Intended for healthcare professionals

Letters Vitamin D and risk of cause specific death

Vitamin D has a greater impact on cancer mortality rates than on cancer incidence rates

BMJ 2014; 348 doi: (Published 29 April 2014) Cite this as: BMJ 2014;348:g2862
  1. William B Grant, researcher1,
  2. Cedric F Garland, adjunct professor2
  1. 1Sunlight, Nutrition and Health Research Center, San Francisco, CA 94164-1603, USA
  2. 2Division of Epidemiology, Department of Family and Preventive Medicine, University of California San Diego, La Jolla, CA, USA
  1. wbgrant{at}

Chowdhury and colleagues’ meta-analysis of cancer specific incidence and mortality rates with respect to bottom versus top third of baseline 25-hydroxyvitamin D levels found higher relative risks for those with cancer at time of enrolment than those without.1 The implication of this finding is that vitamin D has a much stronger impact on survival after developing cancer than on reducing the risk of developing cancer.

Findings of reduced risk of cancer from ecological studies are much stronger than those of observational studies, partly because of larger numbers of cases, and partly because of the stronger effect of vitamin D on cancer mortality rates than on cancer incidence rates.2 It is reasonable that vitamin D might have a greater effect on cancer mortality than on incidence because there are many risk factors for cancer incidence but only a few natural mechanisms in the body, such as vitamin D, that reduce the progression and metastasis of cancer.2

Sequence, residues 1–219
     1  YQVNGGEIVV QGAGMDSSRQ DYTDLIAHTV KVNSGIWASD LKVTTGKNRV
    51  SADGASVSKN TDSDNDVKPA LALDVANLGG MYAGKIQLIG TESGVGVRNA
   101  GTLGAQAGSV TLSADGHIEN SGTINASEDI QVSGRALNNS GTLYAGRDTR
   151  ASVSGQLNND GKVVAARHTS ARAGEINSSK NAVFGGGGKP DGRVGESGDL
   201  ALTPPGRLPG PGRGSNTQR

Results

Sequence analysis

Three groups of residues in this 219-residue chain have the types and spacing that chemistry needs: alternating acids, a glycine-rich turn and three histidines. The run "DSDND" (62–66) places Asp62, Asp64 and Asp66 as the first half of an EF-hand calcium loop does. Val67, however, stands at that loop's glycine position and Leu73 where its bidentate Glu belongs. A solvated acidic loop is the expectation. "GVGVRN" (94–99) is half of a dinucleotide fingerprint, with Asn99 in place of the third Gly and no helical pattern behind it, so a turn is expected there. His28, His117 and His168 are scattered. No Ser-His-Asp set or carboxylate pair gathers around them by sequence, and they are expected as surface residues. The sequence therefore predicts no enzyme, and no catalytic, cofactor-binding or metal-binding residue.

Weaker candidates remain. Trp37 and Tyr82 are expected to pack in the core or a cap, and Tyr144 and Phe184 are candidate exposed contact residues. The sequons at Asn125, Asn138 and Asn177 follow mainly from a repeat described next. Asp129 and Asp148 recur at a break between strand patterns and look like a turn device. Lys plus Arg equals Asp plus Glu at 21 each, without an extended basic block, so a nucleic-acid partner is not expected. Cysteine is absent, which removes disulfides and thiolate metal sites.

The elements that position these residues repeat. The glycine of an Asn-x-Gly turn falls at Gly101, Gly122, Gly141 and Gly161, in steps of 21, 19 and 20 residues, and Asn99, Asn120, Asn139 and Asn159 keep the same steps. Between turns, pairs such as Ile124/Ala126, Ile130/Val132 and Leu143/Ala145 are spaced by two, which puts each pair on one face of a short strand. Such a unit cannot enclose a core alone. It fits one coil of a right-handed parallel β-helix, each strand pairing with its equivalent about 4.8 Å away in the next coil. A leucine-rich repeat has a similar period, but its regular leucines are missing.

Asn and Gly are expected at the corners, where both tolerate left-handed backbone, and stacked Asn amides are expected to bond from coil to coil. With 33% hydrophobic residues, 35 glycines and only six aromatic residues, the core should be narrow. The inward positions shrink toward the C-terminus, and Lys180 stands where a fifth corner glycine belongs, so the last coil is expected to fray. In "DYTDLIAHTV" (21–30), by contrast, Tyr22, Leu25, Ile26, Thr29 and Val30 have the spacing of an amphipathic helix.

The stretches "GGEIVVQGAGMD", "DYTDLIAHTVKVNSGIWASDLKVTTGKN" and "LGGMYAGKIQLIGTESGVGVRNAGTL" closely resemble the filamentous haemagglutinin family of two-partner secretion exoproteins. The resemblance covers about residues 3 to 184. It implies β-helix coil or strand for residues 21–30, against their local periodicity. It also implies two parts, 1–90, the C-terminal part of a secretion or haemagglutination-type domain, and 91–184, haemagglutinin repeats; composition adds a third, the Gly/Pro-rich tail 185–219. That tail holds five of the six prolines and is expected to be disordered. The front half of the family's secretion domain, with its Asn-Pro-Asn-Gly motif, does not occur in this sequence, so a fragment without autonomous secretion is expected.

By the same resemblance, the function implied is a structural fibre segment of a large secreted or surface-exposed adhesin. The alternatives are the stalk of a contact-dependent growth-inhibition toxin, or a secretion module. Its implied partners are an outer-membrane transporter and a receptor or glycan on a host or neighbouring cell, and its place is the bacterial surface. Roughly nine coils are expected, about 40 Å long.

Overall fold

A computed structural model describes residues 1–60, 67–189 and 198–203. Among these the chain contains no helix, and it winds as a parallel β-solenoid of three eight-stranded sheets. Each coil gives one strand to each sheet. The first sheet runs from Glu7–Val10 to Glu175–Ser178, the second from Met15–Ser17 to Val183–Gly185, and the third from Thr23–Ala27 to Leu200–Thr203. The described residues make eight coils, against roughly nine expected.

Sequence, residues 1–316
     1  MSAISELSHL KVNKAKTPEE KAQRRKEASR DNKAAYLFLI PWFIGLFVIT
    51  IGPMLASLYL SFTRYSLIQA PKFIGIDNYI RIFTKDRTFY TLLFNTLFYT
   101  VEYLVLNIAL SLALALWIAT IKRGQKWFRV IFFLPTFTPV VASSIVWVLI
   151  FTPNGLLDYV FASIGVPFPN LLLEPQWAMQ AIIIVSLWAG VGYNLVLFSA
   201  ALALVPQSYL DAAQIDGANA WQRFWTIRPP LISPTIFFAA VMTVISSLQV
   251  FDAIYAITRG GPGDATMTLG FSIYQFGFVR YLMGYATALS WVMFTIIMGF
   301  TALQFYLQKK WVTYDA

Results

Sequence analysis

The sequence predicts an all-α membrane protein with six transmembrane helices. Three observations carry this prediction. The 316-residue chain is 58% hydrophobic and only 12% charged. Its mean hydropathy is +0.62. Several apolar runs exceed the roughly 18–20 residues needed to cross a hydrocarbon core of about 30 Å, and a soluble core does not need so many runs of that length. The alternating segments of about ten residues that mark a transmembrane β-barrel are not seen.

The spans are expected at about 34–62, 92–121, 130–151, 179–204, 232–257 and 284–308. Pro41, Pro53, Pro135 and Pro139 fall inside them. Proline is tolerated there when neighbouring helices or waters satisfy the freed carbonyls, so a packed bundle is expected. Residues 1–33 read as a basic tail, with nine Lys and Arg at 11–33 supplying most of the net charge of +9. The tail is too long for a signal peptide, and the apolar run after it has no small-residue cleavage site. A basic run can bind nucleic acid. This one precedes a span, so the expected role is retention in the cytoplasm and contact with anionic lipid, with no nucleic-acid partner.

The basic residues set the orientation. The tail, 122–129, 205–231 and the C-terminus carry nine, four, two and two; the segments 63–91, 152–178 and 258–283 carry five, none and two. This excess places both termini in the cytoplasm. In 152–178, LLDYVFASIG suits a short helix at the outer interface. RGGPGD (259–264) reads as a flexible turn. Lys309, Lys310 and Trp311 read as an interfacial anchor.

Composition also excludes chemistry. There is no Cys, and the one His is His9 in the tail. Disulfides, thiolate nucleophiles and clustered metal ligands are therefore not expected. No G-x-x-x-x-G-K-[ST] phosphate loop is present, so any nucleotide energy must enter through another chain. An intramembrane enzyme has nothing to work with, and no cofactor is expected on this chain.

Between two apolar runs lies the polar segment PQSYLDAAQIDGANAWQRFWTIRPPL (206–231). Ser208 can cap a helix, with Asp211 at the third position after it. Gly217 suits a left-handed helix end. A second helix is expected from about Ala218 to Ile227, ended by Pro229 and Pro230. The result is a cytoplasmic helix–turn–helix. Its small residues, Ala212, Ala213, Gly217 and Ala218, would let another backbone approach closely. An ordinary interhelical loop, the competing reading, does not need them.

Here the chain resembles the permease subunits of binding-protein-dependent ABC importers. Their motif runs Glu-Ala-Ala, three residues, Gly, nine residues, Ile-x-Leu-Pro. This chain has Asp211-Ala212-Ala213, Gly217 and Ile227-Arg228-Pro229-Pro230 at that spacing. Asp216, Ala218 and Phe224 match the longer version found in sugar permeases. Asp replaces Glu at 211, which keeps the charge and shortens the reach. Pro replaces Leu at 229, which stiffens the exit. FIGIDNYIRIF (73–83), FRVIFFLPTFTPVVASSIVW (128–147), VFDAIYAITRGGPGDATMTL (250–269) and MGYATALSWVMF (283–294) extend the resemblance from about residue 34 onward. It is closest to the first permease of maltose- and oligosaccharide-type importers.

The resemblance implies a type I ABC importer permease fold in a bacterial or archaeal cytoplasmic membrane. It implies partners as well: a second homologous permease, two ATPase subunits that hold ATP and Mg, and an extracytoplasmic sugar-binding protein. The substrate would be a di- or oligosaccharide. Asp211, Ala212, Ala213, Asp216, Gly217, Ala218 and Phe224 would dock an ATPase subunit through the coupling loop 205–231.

Clinical trials are therefore needed to investigate the effect of eliminating vitamin D deficiency on survival in patients with cancer. Guidelines for vitamin D randomised controlled trials were recently proposed.3 In addition, a committee of the National Institute of Sciences-Institute of Medicine and a guideline of the Endocrine Society of the United States have recommended vitamin D doses for adults from 2000-10 000 IU/day.4 5 On the basis of these guidelines, measurement of serum and supplementation (if needed) should be considered for patients with cancer with 25-hydroxyvitamin D levels <100 nmol/L. The dose should be tailored to individual patients on the basis of baseline serum 25-hydroxyvitamin D level before vitamin D is begun.


Cite this as: BMJ 2014;348:g2862


  • Competing interests: WBG receives funding from Bio-Tech Pharmacal (Fayetteville, AR), the Sunlight Research Forum (Veldhoven), and the UV Foundation (McLean, VA). CFG has none to declare.

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